• Rosie Price


I keep being asked questions about sleep! Parents want a lot more sleep and our children do not!

Why is it so hard to get children to sleep....?

Some of our own children had trouble sleeping but I think what helped me was routine, routine routine!

But before we start discussing sleep we need to think about what kind of day your child is having?


Children who still have naps: Are their naps too long? Are they having a nap near bedtime? Many parents try and cut out naps but their child becomes overtired and bedtime becomes a real chore. According to Healthy Children. org ( American Academy of Pediatrics) children age 1-2 need 11-14 hours sleep including naps on a regular basis for optimal development. Children age 3-5 years need 10-13 hours including naps.



Also, all kids need a balanced diet for healthy development. It seems so easy to give our kids junk food when we are busy and tired but if possible buy healthy snacks for them. With 4 children, there were many times we could not sit down for dinner together as I had to drive to various activities with them. In the car, I used to hand out peanut butter sandwiches, fruit, cheese and crackers. Of course, the kids made a mess of the car but wipes helped to reduce the debris. I avoided giving my children sugary drinks as they caused my children to be hyperactive.


I am a great believer in fresh air and exercise which can tire children and help with their sleep routine. Encourage your child to play outside. They can invent their own games or join with friends which can help them unwind and allows them to use their imagination. Team sports have many benefits and some kids thrive being in a competitive environment but over-scheduling with activities can add stress to a child.


Another problem I had with my children was trying to restrict TV and electronic games. It is hard!! I set timers, gave warnings and handed out consequences but it was a battle. If possible, I would recommend reducing electronics an hour or so before bed so your child can calm his mind. Allow quieter games such as puzzles, books, drawing etc. The American Academy of Pediatrics do not recommend your child having a TV in their bedroom.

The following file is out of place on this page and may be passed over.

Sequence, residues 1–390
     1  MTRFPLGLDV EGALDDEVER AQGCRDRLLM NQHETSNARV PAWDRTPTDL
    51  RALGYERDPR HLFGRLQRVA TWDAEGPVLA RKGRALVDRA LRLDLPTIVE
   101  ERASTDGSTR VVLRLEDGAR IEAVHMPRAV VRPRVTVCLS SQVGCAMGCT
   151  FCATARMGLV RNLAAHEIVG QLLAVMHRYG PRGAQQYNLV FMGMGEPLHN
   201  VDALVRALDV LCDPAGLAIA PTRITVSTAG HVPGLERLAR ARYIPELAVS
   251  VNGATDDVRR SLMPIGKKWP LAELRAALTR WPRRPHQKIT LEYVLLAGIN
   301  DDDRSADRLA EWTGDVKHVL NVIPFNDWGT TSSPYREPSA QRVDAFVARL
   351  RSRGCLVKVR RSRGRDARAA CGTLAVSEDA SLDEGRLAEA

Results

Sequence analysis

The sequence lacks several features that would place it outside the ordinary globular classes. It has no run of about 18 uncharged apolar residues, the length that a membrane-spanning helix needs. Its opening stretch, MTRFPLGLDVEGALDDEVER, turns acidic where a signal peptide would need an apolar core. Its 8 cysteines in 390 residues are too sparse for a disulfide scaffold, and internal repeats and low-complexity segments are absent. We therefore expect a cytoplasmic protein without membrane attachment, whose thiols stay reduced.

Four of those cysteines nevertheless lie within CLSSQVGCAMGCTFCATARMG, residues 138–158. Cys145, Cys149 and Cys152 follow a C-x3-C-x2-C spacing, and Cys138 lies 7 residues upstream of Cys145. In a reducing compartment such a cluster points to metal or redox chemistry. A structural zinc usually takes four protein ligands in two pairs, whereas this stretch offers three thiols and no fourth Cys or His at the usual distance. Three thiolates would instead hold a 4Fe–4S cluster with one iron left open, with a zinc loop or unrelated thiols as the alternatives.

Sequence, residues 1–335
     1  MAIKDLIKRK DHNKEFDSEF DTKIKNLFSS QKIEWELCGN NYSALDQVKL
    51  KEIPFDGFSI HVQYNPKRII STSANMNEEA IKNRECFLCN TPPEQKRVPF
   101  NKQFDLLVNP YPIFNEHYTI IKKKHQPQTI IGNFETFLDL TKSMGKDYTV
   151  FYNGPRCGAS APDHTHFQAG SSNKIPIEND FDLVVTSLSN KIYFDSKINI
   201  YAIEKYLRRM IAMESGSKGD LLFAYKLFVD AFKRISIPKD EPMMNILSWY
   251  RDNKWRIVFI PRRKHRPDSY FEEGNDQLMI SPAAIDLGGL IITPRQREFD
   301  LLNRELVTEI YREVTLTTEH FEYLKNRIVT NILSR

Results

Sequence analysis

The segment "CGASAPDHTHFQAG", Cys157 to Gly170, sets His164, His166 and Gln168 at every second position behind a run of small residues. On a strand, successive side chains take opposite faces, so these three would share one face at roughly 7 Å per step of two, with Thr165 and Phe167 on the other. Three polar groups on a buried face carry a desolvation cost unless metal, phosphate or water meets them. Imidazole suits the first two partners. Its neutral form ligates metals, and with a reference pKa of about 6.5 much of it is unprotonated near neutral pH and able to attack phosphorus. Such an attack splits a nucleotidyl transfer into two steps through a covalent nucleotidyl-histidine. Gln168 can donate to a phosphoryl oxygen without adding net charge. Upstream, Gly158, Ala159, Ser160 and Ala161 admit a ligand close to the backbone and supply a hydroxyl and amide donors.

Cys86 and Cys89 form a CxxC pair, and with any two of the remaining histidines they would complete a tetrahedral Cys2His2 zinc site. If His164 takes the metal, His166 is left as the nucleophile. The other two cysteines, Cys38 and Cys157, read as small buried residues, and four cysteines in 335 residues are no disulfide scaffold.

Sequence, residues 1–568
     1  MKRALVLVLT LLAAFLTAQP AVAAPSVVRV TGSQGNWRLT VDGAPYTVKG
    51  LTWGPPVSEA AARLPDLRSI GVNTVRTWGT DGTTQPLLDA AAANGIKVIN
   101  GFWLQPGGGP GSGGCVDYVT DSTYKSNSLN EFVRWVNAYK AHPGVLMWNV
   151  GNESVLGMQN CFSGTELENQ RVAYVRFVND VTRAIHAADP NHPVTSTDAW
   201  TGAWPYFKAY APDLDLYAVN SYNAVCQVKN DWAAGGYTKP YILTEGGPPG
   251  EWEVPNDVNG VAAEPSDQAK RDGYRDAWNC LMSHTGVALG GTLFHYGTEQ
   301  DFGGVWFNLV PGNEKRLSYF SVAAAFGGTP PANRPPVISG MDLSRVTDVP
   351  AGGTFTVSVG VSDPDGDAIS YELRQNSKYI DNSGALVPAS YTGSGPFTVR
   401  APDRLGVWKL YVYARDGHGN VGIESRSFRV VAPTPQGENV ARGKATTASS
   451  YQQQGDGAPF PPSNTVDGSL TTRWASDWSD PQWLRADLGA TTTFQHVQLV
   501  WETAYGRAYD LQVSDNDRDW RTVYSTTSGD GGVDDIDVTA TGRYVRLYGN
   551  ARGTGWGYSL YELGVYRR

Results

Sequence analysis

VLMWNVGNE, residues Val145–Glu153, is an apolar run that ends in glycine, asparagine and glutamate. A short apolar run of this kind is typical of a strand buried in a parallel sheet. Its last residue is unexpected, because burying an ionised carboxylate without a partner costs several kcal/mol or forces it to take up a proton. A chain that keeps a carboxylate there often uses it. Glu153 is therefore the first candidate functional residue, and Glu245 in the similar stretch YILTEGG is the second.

Is your child's bedroom conducive for sleep? Does the room need to be darker ( especially in the summer with lighter evenings). Does your child like their bedroom? Their bedroom should be a place of rest, peace and enjoyment. Can they choose their comforter/ sheets? Do they have favorite pyjamas? Have they a choice of books or can they listen to music? Most children want a favorite cuddly toy/ lovey to take to bed.

Some parents use sleep machines, white noise or introduce their children to meditation to help them sleep. There are many sleep aids to buy and more children are using weighted blankets to help with their anxiety at bedtime.


Be consistent.

I always gave my children a bath/ shower, stories and then bedtime. I did not spend ages saying goodnight to every toy in the room- it will take ages!! Nor did I get them drinks of water ( sometimes I did, but not often). I was kind but firm ( because I was exhausted and wanted some 'me time'). My husband and I always kissed them goodnight and tell your children you love them. You want to enjoy bedtime with your child. It is very special and creates a wonderful bond between you.


A final note is that some kids go through a stage of being scared. This is very normal. They believe in ghosts and monsters. Try to reassure them by saying you are near. If it helps, check under the bed or closet. Try not to get pulled in by looking everywhere or you will be there all night. Dim lighting can help and there are all kinds of night lights and glow stars. Lastly, an 'anti monster spray'- water sprayed from a bottle can eliminate any frightening things.

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